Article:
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Gut bacteria support heart health


Gut bacteria and probiotics: helpers for heart health

Recent research has deepened our understanding of how general health is affected by our gut bacteria. The gut microbiome (gut flora) not only influences the body's metabolism and immune reactions, but even our mood. The latest findings indicate that intestinal bacteria also play an important role in heart health.

Jennifer L. Pluznick is an assistant professor of physiology at the renowned Johns Hopkins University School of Medicine. The expert summarizes the latest and most important findings on the subject of intestinal bacteria and heart health.

Gut bacteria actively participate in the metabolism

Pluznick explains that bacteria that live in the intestine are part of normal metabolism. Depending on the food they receive, they produce other chemicals that enter the bloodstream, where they in turn activate certain receptors. Tests on mice have shown that blood pressure can be reduced in a targeted manner. The changes in blood pressure were particularly significant in the mice, which received a certain diet over the entire lifespan.

It remains complicated

The researchers concluded from these results that blood pressure is related to the intestinal bacteria. The exact connections are currently unclear. "We know that there is a symbiotic relationship between intestinal bacteria and their hosts - we are the hosts," emphasizes the intestinal bacteria expert. According to Pluznick, certain chemicals that are produced by intestinal bacteria can change blood pressure.

For example, mice, rats, but also people with high blood pressure had different intestinal bacteria than individuals with normal blood pressure. "But we still don't have enough pieces to put the whole puzzle together," said Pluznick.

Can probiotics and prebiotics lower blood pressure?

Eating foods that contain probiotics - living bacteria - has been associated with healthier blood pressure in previous studies. "Yogurt is the clearest example of a probiotic," explains Pluznick.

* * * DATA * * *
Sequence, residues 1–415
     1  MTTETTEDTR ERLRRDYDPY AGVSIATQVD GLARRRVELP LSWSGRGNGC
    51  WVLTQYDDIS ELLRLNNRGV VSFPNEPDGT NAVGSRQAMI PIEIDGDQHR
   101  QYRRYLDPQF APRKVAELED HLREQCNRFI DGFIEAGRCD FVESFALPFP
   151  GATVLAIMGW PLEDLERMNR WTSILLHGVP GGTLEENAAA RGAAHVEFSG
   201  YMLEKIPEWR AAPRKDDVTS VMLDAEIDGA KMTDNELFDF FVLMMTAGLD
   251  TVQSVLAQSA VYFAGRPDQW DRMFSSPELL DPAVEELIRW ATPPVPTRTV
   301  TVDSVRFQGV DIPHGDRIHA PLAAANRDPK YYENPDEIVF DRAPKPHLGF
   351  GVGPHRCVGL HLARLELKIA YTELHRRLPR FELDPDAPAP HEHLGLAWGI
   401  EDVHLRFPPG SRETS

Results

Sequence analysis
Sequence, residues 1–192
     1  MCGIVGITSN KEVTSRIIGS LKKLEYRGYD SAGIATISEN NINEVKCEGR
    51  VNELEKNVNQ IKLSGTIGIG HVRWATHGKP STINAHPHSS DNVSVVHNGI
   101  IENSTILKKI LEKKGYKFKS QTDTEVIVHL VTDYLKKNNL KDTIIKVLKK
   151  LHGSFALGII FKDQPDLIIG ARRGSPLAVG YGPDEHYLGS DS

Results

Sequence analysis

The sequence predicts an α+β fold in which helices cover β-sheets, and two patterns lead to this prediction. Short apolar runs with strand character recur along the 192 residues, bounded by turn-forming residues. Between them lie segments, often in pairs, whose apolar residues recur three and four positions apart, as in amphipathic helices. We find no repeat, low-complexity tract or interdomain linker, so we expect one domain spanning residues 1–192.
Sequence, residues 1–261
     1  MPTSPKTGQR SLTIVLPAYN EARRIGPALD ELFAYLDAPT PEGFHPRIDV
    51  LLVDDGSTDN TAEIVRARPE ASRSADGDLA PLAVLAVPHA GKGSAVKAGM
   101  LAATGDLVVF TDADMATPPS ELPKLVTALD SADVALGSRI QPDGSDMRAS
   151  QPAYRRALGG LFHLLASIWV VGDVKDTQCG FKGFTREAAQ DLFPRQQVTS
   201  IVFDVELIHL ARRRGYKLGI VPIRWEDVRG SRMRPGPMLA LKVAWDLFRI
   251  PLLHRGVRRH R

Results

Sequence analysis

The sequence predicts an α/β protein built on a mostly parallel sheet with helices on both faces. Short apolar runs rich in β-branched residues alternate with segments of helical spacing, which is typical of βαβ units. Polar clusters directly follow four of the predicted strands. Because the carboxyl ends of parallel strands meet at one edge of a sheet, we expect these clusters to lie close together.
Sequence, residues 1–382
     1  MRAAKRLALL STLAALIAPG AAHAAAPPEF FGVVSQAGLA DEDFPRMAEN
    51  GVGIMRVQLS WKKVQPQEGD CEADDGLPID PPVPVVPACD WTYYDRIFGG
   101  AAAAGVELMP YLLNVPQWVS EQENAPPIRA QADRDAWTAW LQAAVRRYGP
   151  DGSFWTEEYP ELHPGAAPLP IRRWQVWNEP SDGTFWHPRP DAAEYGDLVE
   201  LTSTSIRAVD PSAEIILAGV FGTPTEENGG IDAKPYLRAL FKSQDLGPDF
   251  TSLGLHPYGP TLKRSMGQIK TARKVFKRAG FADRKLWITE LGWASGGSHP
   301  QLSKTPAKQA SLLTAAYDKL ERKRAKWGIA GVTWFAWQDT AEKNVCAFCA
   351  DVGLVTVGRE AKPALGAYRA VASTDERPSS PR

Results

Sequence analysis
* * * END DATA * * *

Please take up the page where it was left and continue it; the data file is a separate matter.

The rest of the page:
While probiotics are relatively well known, many people don't know what prebiotics are. According to Pluznick, prebiotics contain important substances that intestinal bacteria need to produce special chemicals. "For example, fiber can be a prebiotic for many bacteria," explains the expert. When you eat fiber, the bacteria break it down and use it to make chemicals, Pluznick said. It is believed that these chemicals are responsible for lowering blood pressure. High fiber foods are for example

  • Garlic,
  • Onions,
  • Asparagus,
  • Wholegrain pasta,
  • Sweet potatoes.

Should bowel and heart health be considered together?

Pluznick assumes that in the future the intestinal bacteria will be included in heart health measures. The guidelines for the administration of antibiotics would also have to be reconsidered, since antibiotics have been shown to damage intestinal health.

A lot is still unclear

"We're still a long way from being able to tell you exactly which yogurt to eat to try to lower your blood pressure, but I think providing that kind of information is the long-term hope - to collect all the puzzle pieces and to put it together ”, Pluznick sums up.

Do the findings in mice also apply to humans?

"There can always be differences between the species," emphasizes the assistant professor. Some things cannot be predicted without being tested on humans. "I hope that in the next few years we will see how all these factors and insights apply to people," the expert concluded. (vb)

Author and source information

This text corresponds to the specifications of the medical literature, medical guidelines and current studies and has been checked by medical doctors.

Graduate editor (FH) Volker Blasek

Swell:

  • Johns Hopkins Medicine: The Power of Gut Bacteria and Probiotics for Heart Health (accessed: January 17, 2020), hopkinsmedicine.org


Video: Microbiome and Cardiovascular Disease Biomarkers - Stanley Hazen (January 2022).